The “block-release” or modular mode of delivery receives its name from the fact that all courses are released “en bloc” or in one go. Traditional delivery methods schedule a specific number of class hours per course for each week over a duration of several weeks. This means that a traditional course would spread 30 hours of classes over 10 hours of a term by offering 3 hours per week. (e.g. 3 hours of “Intro to OT” each week for 10 weeks)
While this does allow time for students to process and reflect on what has been discussed in class, this also disrupts the learning experience due to other courses being scheduled in between. In effect a student will have an average of 24 hours of classes per week, covering up to 8 different subjects. (e.g. 3 hours “Intro to OT”, 3 hours “Intro to NT”, 3 hours “Systematic Theology”, 3 hours “Homiletics”, etc.)
The benefit of having a full week to reflect and understand this weeks sessions before continuing the course next week is countered by the same principle applying to 7 other sessions, all vying for attention and reflection. In practice most lecturers see themselves spending time in recollection, trying to collectively remember what had been said or asked in the last session before being able to continue where the course left off a week ago.
This mode of delivery allows for reflection but loses focus.
The block-release mode doesn’t spread the sessions out over several weeks but has all sessions (30 hours) scheduled in the same week. This means that there is very little time for reflection and further studies between sessions but it also means that the entire week is spent on one topic and not spread out over several. In general all students still remember what has been discussed yesterday and can continue without much need for recollection or looking up notes.
This mode of delivery allows for focus but loses time to process content.
If this was the only difference we would probably still argue the benefits and challenges. But the block-release mode of delivery has more advantages.
One of the biggest obstacles to quality theological training in Africa is affordability and accessibility. Distance education is often hailed as the solution to both challenges. However distance education tends to isolate the student from her/his peers and often leads to academic knowledge without the inter-personal skills that are required for ministry. Further it is often said that the African doesn’t learn from a book but learns in community. While we do believe that distance education has its merits and is a viable option we do believe that there is a demand for something between costly residential training and isolated distance education. That is where we see the block-release mode.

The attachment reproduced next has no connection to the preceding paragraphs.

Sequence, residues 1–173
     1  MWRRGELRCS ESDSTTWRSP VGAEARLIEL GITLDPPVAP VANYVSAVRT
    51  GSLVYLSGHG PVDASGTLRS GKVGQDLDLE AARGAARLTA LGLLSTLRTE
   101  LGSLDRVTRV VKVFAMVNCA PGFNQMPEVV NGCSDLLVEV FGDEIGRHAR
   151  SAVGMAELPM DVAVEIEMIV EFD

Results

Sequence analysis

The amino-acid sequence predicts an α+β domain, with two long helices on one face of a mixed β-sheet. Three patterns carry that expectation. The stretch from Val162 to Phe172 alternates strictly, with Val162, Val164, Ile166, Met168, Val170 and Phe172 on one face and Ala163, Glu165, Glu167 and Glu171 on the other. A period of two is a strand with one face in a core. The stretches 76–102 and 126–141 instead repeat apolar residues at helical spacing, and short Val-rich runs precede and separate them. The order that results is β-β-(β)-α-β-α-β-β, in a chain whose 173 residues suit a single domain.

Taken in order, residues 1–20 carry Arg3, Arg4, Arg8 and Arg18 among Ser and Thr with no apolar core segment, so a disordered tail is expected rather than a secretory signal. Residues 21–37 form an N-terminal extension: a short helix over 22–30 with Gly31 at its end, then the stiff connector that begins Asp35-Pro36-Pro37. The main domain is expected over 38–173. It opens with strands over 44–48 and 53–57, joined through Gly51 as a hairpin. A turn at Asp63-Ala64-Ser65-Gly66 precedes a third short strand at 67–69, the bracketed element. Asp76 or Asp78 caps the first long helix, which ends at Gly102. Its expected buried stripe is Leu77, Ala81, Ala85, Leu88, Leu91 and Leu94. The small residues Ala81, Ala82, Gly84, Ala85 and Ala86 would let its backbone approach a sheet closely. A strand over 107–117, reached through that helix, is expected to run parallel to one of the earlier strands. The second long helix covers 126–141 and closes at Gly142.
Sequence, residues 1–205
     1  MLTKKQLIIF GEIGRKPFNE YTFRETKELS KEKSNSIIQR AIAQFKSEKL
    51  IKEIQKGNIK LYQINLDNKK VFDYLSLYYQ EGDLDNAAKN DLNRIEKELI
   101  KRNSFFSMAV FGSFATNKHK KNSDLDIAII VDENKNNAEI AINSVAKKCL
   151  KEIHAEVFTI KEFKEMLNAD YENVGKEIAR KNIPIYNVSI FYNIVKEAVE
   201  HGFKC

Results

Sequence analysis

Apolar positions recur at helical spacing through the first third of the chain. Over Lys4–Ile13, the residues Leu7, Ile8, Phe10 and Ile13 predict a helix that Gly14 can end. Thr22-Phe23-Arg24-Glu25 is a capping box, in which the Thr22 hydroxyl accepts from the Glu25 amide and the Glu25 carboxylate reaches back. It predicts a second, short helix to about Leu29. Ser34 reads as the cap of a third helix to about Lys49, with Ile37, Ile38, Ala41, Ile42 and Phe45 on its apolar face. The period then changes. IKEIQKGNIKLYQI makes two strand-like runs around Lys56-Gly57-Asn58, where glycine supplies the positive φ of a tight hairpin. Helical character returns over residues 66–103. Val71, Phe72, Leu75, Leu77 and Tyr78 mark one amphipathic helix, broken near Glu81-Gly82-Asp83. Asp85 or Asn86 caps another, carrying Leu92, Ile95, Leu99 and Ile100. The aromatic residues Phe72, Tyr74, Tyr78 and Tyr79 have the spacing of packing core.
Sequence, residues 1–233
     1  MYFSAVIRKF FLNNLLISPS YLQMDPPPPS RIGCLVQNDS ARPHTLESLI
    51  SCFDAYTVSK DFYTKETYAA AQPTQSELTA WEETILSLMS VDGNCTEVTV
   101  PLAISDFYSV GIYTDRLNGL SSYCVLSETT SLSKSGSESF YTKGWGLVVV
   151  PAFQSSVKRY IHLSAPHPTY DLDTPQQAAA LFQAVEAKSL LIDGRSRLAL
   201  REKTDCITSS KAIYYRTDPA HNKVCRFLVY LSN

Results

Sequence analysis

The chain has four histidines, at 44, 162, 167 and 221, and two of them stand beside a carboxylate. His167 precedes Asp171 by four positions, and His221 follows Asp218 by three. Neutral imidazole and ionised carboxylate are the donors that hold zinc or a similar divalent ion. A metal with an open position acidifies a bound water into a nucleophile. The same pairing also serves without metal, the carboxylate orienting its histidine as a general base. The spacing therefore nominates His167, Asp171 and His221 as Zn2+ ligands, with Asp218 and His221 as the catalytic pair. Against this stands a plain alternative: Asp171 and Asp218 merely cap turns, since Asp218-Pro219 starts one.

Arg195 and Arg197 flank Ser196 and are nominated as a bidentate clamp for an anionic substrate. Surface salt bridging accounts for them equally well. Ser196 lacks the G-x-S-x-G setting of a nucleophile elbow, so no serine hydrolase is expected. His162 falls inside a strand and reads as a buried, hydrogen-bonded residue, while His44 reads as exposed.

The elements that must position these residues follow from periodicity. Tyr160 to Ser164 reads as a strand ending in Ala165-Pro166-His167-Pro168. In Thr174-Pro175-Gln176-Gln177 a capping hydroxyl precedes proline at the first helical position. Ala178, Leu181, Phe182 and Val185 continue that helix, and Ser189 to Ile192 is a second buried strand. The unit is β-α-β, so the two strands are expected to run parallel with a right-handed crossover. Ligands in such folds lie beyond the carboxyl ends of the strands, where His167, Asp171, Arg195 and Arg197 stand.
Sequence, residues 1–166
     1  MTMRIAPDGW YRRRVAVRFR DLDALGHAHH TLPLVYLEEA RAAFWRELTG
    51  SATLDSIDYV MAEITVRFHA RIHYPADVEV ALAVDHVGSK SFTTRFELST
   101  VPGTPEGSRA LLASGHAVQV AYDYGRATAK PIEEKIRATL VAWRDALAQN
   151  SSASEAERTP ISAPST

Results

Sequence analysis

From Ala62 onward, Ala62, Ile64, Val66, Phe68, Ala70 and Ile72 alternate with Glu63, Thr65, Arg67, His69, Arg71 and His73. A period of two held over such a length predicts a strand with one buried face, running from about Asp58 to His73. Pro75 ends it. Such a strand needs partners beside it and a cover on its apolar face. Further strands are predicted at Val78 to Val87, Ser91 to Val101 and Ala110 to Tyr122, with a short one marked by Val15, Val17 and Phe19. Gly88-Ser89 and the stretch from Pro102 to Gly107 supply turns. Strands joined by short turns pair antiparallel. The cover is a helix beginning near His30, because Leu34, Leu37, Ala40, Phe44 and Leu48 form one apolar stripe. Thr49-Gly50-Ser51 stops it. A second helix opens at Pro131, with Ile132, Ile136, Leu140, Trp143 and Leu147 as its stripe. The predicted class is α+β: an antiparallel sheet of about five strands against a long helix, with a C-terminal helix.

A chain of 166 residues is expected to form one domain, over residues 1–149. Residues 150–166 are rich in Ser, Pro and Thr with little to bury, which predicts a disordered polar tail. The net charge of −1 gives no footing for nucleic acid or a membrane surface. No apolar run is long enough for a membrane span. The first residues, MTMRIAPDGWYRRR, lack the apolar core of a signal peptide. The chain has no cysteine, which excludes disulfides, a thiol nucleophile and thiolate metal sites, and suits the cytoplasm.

The block release mode allows for students to keep their ministry, employment, family life, etc. mostly intact with as little interruptions as possible. Instead of relocating the entire family to a college campus and then paying tuition fees for several years from a salary that has just been abandoned the block release mode allows for ministers and employed persons to keep their ministry or income and study at the Seminary, only spending 1 week at a time on campus.
Instead of abandoning a church for a number of years and then returning only to find a heap of rubble (or worse) left of the previous church the minister can remain in the church and study as much as time and ministry allows.
Whatever has been studied can immediately be related (and tested) in real-life ministry. Churches can send candidates for training but don’t lose the candidates for the years of study but can still benefit from their growing spiritual maturity and depth.
Of course there are challenges as well …
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